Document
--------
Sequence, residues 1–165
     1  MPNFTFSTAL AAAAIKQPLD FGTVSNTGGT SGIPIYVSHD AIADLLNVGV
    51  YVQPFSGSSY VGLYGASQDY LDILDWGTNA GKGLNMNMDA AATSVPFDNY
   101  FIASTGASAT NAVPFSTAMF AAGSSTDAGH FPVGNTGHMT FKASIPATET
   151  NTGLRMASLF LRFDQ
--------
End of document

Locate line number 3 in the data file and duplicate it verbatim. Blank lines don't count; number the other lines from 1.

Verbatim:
    51  YVQPFSGSSY VGLYGASQDY LDILDWGTNA GKGLNMNMDA AATSVPFDNY